Like I said, there seems to be a wide variety of concerns related to downward facing dog, which is understandable because physically, there's a lot going on in this pose. At its heart, though, I like to think of down dog being about extending the energy body. Energy is radiating forward through the hands, up and back through the sit bones (the bottom of the pelvis), and down through the heels -- and that is true regardless of any modifications a yogi might make to support hir physical body.
Adho Mukha Svanasana / Downward Facing Dog
Check out a basic how-to and a more detailed troubleshooting article. Areas of pinchy or stabbity concern tend to be in the wrists and/or shoulders. If you feel pain there, that's often a sign to modify your dog.
- Start on your hands and knees. Your knees will be basically under your hips and about hip-distance apart. Your wrists will be approximately shoulder-distance apart and just forward of your shoulders.
- Spread your fingers and ground through your whole palm, not just the heel of your hand, in order to protect your wrists. Another way to think of it is to ground especially through the L-shapes of your index fingers and thumbs; this will also help protect your wrists.
- Curl your toes under and lift your knees, keeping them bent. With your knees still bent, bring your torso toward your thighs, lengthen your spine, and raise your sit bones up toward the ceiling and back behind you, as you did in puppy pose.
- Press your thighs back and your heels toward the ground as much as you can while still keeping your spine long and your sit bones raised high. I know all the "cool yogis" have their legs straight and their heels on the floor. But from both an energy perspective and a pelvic perspective, it is not worth sacrificing spinal length to get there.
- Engage through your whole arms, keeping them basically straight without locking your elbows. Continue to press forward through your hands as you draw your shoulders away from your ears. You may also feel your shoulder blades draw together on your back. Relax your neck so it's in line with your spine.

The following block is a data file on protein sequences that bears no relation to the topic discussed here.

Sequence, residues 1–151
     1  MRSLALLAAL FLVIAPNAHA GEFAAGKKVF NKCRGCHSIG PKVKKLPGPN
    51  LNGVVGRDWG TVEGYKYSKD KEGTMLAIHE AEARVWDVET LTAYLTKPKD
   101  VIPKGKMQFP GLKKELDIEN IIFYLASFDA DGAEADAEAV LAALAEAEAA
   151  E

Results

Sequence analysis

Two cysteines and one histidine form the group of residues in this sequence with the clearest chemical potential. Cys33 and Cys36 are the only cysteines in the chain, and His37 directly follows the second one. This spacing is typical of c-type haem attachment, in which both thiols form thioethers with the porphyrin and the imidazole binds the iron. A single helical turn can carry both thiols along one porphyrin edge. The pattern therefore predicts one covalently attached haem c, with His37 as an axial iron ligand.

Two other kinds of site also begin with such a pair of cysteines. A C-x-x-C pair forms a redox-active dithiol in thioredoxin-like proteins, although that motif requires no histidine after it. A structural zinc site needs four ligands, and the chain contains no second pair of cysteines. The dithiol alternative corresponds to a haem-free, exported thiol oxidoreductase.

- How long you'll want to stay in down dog will depend on how you're using it, as well as on how strenuous or restorative it is for you. If you're trying to build strength, staying for 5-10 breaths, then repeating as you have stamina, is a reasonably guideline. When you're ready to exit the pose, you can either step forward to uttanasana or lower and press back into balasana.
You may also be interested in seeing it in action, along with some common issues and modifications:
In terms of the pelvis, the goal here is basically the same as in puppy: lift your sit bones toward the ceiling -- you know, letting your "butt energy" shine -- while keeping your spine long and relaxed. Only, since the hamstrings are engaged, this can be more challenging in a traditional adho mukha svanasana. If that's the case for you, you may want to experiment with bending your knees and/or using blocks (shown above) or performing down dog using a wall:
As The Pragmatic Yogi notes, down dog at the wall is often suitable for people who have contraindications, which might include having high blood pressure or being late into their third trimester of pregnancy, for a traditional downward facing dog.
For more core work (and more heart opening), you can lift one leg at a time for a three legged dog. You can also do this on the floor and/or as a hip opener:
I like to think of the hip opening version as Fire Hydrant Dog. ;)
Other fun shit with downward facing dog:
- A restorative version, using a bolster to support the head. I will admit that honestly, this does not do a lot for me. So much of the rest of my body is actively engaged in down dog that resting my head doesn't really make it "supported" for me. Then again, everyone else =/= me, which is why I wanted to list it as a possibility.
- A partner assisted version using a partner (duh!) and a yoga strap. Also a way you can modify it to do without a partner, using a door. I should note that while I have tried the partner version, and it is awesome for me, I have not tried it with the door. I have visions of pulling the door off its hinges with the power of my butt -- and that is not something I care to explain to my landlord.
- My favorite down dog flow. Warning: When learning this, I have gotten myself "stuck" in wheel and not been able to flip myself back out. Incorporate into your practice at your own risk.
Starting next time, we'll move to a couple-ish of poses that still lengthen the muscles of the pelvic floor but that start to strengthen surrounding muscle groups.